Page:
0:  Set (tolerance), the set of active arms . Let , (phase index), (round index)
  while  do
     Step 1: Play arms.
     for  do
        while  and  do
           Play arm , receive . Add to . Increment by .
        end while
     end for
     Step 2: Eliminate sub-optimal arms.
     For every arm in , compute as the average of observations at time steps . That is,
     Construct by eliminating actions with
     Step 3: Decrease Tolerance. Set .
     Step 4: Bridge period. Pick an arm and play it times while incrementing . Discard all observations from this period. Do not add to .
     Increment phase index .
  end while
Algorithm 1 Optimism for Delayed, Aggregated Anonymous Feedback (ODAAF)

Algorithm overview

Our algorithm, ODAAF, is given in Algorithm 1. It operates in phases . Define to be the set of active arms in phase . The algorithm takes parameter which defines the number of samples of each active arm required by the end of phase .

In Step 1 of phase of the algorithm, each active arm is played repeatedly for steps. We record all timesteps where arm was played in the first phases (excluding bridge periods) in the set . The active arms are played in any arbitrary but fixed order. In Step 2, the observations from timesteps in are averaged to obtain a new estimate of . Arm is eliminated if is further than from .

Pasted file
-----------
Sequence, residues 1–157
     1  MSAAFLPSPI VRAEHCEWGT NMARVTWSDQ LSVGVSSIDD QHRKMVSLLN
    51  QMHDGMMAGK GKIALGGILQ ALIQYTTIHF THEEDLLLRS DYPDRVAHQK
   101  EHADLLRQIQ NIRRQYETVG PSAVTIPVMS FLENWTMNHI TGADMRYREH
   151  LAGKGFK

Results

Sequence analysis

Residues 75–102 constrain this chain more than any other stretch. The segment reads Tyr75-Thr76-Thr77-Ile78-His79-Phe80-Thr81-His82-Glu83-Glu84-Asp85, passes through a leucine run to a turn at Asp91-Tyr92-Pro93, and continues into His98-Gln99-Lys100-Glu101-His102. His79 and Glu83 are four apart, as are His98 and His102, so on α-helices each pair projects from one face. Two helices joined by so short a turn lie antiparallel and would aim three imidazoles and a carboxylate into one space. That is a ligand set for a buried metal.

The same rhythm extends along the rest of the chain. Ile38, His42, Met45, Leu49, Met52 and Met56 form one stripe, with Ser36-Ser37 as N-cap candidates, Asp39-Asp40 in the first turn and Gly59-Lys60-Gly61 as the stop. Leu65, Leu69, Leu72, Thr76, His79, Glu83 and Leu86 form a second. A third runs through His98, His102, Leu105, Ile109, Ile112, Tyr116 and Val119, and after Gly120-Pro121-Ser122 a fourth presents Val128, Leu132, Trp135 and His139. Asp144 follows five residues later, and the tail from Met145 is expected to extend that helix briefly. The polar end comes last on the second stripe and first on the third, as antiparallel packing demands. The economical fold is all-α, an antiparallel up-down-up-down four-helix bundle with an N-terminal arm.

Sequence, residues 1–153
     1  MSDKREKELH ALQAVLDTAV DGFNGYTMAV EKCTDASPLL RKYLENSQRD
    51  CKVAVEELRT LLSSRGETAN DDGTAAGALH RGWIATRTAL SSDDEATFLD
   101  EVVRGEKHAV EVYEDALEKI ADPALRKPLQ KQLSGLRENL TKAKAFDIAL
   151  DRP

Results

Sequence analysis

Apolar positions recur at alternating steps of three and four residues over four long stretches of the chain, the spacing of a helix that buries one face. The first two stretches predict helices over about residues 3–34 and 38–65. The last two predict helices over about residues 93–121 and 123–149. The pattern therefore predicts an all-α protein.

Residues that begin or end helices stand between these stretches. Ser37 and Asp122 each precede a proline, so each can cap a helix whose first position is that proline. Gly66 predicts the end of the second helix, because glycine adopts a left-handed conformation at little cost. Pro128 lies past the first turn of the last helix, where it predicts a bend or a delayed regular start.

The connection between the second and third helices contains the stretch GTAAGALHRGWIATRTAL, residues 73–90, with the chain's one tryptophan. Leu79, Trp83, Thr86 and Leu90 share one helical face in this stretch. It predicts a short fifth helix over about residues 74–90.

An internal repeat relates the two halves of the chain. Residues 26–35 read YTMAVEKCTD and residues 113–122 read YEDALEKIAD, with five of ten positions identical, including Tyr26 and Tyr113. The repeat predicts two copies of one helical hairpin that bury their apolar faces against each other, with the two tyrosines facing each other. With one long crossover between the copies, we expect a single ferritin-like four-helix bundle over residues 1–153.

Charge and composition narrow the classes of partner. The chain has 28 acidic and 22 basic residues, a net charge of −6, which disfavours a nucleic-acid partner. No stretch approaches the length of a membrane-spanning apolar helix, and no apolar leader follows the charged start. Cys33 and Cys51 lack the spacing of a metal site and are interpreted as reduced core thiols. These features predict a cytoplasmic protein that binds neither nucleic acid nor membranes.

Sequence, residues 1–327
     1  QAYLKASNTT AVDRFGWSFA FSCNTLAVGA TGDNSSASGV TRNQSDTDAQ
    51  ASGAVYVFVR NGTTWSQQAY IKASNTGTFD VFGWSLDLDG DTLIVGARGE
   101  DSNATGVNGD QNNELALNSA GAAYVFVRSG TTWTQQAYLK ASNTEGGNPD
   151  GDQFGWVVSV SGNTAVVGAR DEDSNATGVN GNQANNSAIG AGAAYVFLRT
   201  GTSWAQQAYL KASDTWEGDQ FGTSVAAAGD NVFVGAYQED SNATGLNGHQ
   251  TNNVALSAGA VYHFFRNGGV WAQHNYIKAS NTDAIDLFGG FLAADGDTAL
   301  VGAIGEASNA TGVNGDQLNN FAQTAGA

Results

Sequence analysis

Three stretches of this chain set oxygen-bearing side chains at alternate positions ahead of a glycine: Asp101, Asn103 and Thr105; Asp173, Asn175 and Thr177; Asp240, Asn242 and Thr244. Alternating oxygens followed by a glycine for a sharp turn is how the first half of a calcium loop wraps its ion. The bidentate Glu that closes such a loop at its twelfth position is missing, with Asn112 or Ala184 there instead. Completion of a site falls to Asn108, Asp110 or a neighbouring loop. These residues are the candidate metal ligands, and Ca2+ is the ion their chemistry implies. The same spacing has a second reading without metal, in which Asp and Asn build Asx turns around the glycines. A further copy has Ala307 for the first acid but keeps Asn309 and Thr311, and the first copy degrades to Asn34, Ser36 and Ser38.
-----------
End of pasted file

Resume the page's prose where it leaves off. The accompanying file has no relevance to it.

A further nuance in the algorithm structure is the ‘bridge period’ (see Figure 2). The algorithm picks an active arm to play in this bridge period for

steps. The observations received during the bridge period are discarded, and not used for computing confidence intervals. The significance of the bridge period is that it breaks the dependence between confidence intervals calculated in phase

and the delayed payoffs seeping into phase . Without the bridge period this dependence would impair the validity of our confidence intervals. However, we suspect that, in practice, it may be possible to remove it.

Choice of

A key element of our algorithm design is the careful choice of . Since determines the number of times each active (possibly suboptimal) arm is played, it clearly has an impact on the regret. Furthermore,